The Morning Journal (Lorain, OH)

College president: This is just the beginning

Oberlin College will continue to fight judgment to pay local bakery millions in damages

- By Keith Reynolds kreynolds@morningjou­ @MJ_kreynolds on Twitter

In a June 14 letter to the community, Oberlin College President Carmen Twillie Ambar said the College will continue to fight a judgment that called on it to pay more than $44 million in compensato­ry and punitive damages to a local bakery.

A Lorain County jury gave the award June 13 after a month-long trial in which they ruled Oberlin College and Dean of Student Meredith

Raimondo committed libel against David R. Gibson, his father, Allyn W. Gibson, and their business, Gibson Bros. Inc., which owns Gibson’s Food Mart and Bakery, 23 W. College St.

The panel also found that Oberlin College inflicted intentiona­l emotion distress against David and Allyn Gibson and that Raimondo interfered with the business relationsh­ip between Gibson Bros. Inc. and the College.

In her letter, Ambar said the award is “just one step along the way of what may turn out to be a lengthy and complex legal process.”

“I want to assure you that none of this will sway us from our core values,” she said.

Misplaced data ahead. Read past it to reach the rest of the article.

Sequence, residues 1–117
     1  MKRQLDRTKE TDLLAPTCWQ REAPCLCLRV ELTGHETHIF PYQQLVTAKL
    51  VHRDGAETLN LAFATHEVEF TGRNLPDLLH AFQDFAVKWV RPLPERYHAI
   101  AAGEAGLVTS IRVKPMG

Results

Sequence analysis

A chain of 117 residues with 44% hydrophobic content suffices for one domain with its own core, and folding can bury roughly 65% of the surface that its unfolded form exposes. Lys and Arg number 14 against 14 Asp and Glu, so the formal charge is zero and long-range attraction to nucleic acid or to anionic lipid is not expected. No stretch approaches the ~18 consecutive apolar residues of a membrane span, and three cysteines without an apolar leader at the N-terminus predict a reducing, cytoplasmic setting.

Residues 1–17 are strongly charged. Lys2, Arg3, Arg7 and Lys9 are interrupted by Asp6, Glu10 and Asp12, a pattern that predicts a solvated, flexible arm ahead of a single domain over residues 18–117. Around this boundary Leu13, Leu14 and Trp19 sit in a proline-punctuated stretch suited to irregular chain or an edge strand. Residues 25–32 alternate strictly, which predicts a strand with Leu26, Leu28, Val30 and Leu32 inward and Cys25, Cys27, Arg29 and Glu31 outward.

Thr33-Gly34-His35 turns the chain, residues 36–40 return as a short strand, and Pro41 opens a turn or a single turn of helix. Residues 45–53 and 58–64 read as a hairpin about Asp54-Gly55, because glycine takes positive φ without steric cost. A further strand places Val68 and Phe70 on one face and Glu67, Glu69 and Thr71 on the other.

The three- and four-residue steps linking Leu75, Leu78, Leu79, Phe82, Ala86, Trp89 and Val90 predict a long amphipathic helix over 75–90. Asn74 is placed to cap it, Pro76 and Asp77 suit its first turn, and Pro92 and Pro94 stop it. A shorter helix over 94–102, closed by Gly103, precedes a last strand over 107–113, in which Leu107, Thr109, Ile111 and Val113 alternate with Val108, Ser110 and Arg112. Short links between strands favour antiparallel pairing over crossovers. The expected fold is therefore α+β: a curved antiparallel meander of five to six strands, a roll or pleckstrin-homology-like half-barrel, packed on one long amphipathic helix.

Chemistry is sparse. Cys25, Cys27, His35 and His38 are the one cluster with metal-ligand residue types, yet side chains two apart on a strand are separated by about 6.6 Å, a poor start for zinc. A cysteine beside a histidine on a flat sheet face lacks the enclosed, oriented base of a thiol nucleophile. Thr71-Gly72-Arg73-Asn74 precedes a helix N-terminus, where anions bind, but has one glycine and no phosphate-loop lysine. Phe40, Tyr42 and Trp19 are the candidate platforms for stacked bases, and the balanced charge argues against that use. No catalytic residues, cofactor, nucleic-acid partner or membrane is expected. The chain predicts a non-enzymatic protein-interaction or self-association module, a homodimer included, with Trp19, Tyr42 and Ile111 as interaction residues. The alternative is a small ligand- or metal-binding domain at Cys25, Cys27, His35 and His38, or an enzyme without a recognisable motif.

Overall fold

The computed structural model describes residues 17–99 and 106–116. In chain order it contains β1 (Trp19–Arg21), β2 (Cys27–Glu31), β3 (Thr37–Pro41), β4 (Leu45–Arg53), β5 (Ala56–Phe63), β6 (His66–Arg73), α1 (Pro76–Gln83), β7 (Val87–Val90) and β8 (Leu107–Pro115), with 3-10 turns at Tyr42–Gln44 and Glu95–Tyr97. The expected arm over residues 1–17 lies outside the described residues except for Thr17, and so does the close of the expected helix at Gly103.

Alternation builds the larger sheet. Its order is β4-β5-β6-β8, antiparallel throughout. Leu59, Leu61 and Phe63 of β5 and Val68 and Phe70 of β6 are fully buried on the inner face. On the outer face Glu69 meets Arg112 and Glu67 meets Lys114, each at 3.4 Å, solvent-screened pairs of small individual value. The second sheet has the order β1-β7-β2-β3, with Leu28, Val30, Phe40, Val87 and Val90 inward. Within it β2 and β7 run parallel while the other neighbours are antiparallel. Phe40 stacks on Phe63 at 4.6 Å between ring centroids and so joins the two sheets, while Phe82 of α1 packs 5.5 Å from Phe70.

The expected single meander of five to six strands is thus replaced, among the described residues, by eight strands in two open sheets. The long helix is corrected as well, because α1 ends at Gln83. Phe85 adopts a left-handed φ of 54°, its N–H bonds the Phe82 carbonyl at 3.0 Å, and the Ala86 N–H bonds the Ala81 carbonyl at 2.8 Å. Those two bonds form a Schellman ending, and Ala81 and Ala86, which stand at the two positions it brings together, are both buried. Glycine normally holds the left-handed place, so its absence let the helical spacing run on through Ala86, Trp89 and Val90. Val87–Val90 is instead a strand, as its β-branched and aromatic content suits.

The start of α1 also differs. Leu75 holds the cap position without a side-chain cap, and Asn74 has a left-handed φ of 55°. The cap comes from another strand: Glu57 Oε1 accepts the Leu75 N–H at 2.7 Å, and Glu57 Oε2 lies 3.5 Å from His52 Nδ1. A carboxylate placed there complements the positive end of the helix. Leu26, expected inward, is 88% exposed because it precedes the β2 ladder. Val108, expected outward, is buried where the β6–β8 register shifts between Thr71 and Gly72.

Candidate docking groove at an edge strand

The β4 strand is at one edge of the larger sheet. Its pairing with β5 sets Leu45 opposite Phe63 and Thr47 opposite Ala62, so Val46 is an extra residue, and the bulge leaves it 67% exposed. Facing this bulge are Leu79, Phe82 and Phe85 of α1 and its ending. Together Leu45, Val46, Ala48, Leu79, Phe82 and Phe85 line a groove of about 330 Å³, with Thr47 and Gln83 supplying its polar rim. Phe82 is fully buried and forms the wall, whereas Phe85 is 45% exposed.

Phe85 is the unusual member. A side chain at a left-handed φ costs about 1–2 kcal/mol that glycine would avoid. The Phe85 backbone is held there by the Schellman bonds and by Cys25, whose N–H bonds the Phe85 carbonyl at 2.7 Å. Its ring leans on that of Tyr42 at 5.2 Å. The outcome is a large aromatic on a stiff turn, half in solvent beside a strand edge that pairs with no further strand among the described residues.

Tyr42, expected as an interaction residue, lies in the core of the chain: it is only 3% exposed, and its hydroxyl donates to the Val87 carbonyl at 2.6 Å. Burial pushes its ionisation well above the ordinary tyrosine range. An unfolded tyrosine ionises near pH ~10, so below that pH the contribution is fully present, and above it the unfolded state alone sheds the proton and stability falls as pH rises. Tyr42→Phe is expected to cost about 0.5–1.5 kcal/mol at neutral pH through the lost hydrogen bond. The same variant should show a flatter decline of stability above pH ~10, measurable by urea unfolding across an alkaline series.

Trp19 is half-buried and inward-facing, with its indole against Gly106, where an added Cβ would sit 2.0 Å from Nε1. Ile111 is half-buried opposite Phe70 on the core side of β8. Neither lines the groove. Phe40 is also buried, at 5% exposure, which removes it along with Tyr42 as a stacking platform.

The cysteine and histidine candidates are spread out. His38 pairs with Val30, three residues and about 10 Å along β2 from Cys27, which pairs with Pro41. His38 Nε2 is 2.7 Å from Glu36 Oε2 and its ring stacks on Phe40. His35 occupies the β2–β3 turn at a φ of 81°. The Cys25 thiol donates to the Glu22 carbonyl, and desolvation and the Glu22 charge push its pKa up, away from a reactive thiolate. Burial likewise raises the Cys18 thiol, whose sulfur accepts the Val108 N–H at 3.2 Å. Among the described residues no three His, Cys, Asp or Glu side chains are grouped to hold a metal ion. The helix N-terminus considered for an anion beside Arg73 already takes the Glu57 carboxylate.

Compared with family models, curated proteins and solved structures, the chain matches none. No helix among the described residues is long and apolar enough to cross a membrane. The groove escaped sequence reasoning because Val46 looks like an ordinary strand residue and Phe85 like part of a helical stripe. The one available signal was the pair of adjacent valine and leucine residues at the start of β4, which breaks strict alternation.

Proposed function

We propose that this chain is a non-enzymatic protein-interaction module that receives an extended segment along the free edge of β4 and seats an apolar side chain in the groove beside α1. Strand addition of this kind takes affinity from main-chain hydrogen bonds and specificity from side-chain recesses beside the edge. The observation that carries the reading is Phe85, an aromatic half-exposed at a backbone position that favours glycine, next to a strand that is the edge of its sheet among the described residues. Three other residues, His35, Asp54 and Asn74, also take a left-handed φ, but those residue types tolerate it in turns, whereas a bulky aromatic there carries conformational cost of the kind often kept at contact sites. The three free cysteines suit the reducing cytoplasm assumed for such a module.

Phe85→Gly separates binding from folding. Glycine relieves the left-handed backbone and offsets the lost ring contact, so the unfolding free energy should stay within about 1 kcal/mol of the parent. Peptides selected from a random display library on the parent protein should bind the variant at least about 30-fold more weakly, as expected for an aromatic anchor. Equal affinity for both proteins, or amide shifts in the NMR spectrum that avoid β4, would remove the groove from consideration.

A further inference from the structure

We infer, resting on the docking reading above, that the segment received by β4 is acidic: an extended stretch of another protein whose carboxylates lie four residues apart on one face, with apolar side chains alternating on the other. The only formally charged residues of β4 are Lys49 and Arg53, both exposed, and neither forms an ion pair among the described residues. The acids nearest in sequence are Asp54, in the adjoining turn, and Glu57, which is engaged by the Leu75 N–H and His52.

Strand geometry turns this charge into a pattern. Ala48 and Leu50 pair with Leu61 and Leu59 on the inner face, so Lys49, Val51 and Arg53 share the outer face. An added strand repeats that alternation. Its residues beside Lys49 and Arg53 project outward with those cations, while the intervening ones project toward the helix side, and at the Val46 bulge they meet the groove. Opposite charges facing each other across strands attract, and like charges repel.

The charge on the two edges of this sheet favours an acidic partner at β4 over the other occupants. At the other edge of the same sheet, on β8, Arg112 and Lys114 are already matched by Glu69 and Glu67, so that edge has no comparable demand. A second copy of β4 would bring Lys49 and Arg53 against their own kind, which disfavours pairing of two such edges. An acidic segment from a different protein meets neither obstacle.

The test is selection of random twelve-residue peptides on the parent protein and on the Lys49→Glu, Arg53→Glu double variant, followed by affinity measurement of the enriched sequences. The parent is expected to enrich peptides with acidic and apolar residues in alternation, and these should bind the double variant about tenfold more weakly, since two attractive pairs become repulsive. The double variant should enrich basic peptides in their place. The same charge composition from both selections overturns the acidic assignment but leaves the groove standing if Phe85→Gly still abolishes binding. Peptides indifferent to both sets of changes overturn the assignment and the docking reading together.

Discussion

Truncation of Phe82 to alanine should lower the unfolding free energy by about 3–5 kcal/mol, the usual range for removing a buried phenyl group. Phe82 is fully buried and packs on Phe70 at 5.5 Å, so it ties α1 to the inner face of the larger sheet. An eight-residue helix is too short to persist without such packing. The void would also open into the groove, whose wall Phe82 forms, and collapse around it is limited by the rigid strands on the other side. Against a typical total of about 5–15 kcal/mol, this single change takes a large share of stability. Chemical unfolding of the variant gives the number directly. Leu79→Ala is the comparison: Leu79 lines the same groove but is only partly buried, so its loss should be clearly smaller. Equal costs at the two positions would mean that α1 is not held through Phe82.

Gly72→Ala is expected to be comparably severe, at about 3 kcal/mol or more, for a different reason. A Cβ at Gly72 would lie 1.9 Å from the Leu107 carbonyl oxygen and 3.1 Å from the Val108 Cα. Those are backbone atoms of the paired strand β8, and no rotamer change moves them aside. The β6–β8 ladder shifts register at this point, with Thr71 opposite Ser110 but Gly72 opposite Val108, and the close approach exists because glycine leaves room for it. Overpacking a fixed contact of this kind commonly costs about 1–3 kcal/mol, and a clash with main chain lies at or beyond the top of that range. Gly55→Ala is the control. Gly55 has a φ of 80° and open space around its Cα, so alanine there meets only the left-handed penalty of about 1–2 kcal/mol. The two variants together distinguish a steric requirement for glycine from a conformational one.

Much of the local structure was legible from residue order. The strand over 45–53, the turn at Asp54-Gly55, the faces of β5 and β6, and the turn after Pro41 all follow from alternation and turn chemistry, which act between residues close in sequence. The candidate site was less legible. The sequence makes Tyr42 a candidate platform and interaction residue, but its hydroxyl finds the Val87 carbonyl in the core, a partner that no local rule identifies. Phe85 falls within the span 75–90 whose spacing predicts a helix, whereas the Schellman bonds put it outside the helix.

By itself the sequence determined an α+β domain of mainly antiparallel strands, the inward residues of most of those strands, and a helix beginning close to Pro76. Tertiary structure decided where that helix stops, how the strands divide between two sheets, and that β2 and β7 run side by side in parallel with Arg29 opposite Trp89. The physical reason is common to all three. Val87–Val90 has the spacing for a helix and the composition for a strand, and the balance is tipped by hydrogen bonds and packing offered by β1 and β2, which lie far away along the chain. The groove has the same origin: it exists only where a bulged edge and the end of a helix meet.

“It will not distract, deter, or materially harm our educationa­l mission, for today’s students or for generation­s to come.”

Ambar said Oberlin College will take its time in deciding what the proper course of action will be going forward and promised to update the community.

“I am confident that when we resolve this matter, it will look substantia­lly different than it looks today,” she said.

Ambar wrote that she is disappoint­ed in the jury’s decision and in the conversati­on the case has sparked across the country.

But the Oberlin College “respects” the verdict and values their connection­s to the community, she said.

“We will learn from this lawsuit as we build a stronger relationsh­ip with our neighbors,” Ambar said.

The full letter is available at current-issues-gibsons-bakery-litigation.

The lawsuit stems from an Oberlin College student protest outside of the bakery in November 2016 after three students got into an altercatio­n with a cashier at the bakery after attempting to steal some wine.

In response, the students demonstrat­ed in front of the store and dispersed a flyer claiming the Gibsons had a history of racial profiling and that the bakery was a racist establishm­ent.

Jonathan Aladin, 21, Cecelia Whettston, 20, and Endia Lawrence, 21, pleaded guilty in August 2017 to attempted theft and aggravated trespassin­g.

Aladin also pleaded guilty to underage purchase of alcohol.

They were sentenced to one year of community control, required to pay restitutio­n and to read statements explicitly stating the incident wasn’t racially motivated.

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